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Research Article Open Access
Background: Oldest old cancer patients without treatment in our long-term-care facility, where laughter therapy is used, lived happily and longer with neither any major complaint nor individual symptoms. We would like to report on these cases.
Methods and Findings:
1 A 97 year female, with hepatocellular carcinoma, symptom free, expired by stroke. A CT showed that the tumor had grown double in size compared with its size two years ago. Tumor markers were extremely high.
2 A 79 year male with severe dementia gradually lost weight within 7 months although he had a good appetite. Abdominal ECHO and CT proved a cystic malignant tumor in the liver with cholelithiasis without symptom. High CA19-9 was noticed. He had no weight gain for four months although his appetite was the same as before.
3 An 86 year female with a long standing schizophrenia had a malignant lymphoma of the stomach confirmed by biopsy 3 yrs 3 m ago. She had severe anemia and needed several blood transfusions. Her anemia improved after the transfusions. She had a cheerful character after she suffered from herpes zoster.
4 A 95 year female, who had a right lung partial lobectomy at her 68 yr against cancer, showed left side lung mass for 4 years but was symptom-free. After 4 years, the tumor mass maintained its size but pleural effusion and thickness were seen by CT. Her high CEA suggested carcinoma of left lung.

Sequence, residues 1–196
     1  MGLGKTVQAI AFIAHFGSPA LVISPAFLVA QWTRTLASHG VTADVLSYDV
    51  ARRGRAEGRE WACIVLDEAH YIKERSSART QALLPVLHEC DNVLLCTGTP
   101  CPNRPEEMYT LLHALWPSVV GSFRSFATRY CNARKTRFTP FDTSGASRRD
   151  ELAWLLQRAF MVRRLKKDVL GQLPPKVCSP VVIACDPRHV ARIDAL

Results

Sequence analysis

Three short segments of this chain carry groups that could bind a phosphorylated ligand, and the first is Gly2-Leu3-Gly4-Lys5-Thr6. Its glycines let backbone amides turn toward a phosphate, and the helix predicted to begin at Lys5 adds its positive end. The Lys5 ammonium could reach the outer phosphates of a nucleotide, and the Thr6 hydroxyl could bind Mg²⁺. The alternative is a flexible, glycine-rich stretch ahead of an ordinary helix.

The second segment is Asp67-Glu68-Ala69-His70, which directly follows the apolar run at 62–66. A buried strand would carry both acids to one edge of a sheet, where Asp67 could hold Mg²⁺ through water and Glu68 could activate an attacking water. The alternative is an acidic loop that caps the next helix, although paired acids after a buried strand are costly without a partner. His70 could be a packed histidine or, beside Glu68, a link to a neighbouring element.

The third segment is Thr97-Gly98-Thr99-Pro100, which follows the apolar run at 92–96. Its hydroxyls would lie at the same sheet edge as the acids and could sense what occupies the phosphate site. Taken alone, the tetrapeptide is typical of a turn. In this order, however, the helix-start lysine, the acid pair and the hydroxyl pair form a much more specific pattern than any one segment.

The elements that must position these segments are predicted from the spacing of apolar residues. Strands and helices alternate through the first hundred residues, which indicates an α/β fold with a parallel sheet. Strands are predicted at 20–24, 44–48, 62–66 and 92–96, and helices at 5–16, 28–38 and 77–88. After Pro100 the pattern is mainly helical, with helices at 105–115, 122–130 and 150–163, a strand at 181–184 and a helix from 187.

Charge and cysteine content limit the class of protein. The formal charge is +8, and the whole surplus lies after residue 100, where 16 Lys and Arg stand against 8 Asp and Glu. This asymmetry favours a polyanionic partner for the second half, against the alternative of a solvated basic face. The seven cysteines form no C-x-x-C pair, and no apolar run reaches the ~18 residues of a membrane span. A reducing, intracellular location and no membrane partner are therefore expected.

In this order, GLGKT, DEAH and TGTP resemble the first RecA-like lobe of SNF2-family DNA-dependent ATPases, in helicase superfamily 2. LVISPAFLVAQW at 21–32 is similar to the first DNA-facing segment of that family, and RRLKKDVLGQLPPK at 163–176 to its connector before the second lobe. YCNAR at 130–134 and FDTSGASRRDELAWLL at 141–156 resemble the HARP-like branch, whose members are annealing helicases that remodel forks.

In all cases, families preferred conservative management only as patients may not have fully understood their own physical situation. They lived happily in this facility, where laughter therapy was applied. Limitation occurs because of case reports. Epidemiologic surveys nationwide are requested.
Conclusion: There were four reported untreated cases of symptom-free cancer oldest old patients. All cases had a good appetite, cheerful, with or without dementia, and lived for an average of 2 and half years. Psychologic effects may have contributed to the symptom-free feature of the tumor. We treated several other symptom-free cancer survivors who lived happily in this facility. A further understanding of the mechanism behind this rare phenomenon may provide new strategies for management of cancer. Similarly, research on the effect of deciding on the treatment is, likewise, warranted.
Cancer survivors, Oldest old, Without treatment, Long-term-care facility, Laughter therapy, Dementia, Cancer Research, Oncology Research